A Slow Start To Fast Times

Perspectives by Alex Doseff // Photography by Alex Doseff & Gary Parker

he thing about adventures is that you never really seem to get off on the foot you had planned. Though, I suppose that it’s those unplanned situations and, sometimes, unpleasant events that make and adventure just that. Nonetheless, after a week and a half of being south of the border, we weren’t actually very far south. Several things had kept us in the more populated region around Ensenada longer than we’d originally planned.

 



The waves had been good; and you don’t leave when the waves are good. We’d been lucky in that a swell was starting to hit northern Baja just as we crossed the border and was set to stay for a while. After leaving our initial rally point near Popotla—where the crew had met in full, in person for the first time—we made our way south until we found a fun wave outside of San Miguel which was to become our home for the next four days. When you unzip your tent every morning to a clean, head high wave peeling across the beach, it can be difficult to leave.

When the entry and exit point of a spot are full of large, submerged rocks, boards will eventually get dinged. Since fins don’t generally win fights with granite, Teash became the first victim with a snapped skeg and a fin box ripped from the board. While we carry resin to fill the inevitable hole here and there, this particular issue was beyond our ability to properly repair with our current gear. Luckily we were still in civilization and a shop wasn’t far off; unfortunately, the board would have to dry out for a few days before it could be repaired – after all, you don’t want to seal up wet foam. So, plans to leave the area would have to be put on hold.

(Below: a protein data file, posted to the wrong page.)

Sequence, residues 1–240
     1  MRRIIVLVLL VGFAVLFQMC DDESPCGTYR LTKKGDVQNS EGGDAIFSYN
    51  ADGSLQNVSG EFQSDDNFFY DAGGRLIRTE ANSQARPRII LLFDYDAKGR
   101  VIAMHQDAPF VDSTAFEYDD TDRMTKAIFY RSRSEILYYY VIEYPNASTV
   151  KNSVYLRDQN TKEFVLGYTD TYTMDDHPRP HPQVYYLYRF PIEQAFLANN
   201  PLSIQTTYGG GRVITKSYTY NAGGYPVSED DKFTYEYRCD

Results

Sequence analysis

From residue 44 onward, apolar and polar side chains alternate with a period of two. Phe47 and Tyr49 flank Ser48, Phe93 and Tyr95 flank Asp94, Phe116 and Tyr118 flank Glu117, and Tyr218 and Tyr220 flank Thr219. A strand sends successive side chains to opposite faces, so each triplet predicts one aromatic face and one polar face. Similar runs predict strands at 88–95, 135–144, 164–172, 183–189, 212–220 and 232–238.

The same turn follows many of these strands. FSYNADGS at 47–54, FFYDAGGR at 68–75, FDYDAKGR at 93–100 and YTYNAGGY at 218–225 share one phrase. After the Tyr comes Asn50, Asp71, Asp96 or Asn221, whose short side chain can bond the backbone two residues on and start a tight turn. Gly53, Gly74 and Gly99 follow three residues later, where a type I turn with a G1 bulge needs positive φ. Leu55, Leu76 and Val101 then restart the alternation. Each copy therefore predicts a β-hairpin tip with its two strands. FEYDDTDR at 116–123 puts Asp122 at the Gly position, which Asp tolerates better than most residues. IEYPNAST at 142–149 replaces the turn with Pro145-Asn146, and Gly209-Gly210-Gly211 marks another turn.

Next, motorcycle issues had come about; the kinds of things that definitely need to be sorted out before heading off into the unforgiving Baja desert. Matty’s pannier fell off. Well, I suppose that’s not entirely true; it was wedged in between the rack—which it had previously been hooked onto—and his surfboard so it didn’t actually fall off. But it was no longer a safe or sustainable way to transport gear over the long, bumpy paths that pass for roads that we’d be hitting. Needless to say, it would have to be fixed. Unfortunately, one of the custom pieces of stainless steel that holds the pannier on to the rack had rattled off somewhere over the last three miles of rock-covered dirt we’d just ridden over and our slow-speed, search-and-rescue efforts were for naught. Then, later, I found that the last 13,000 miles had done a number on my chain and I needed a replacement. After a visit to a metal worker who kept roosters and a motorcycle shop with chicken-wire walls, we were all set to go…mechanically at least.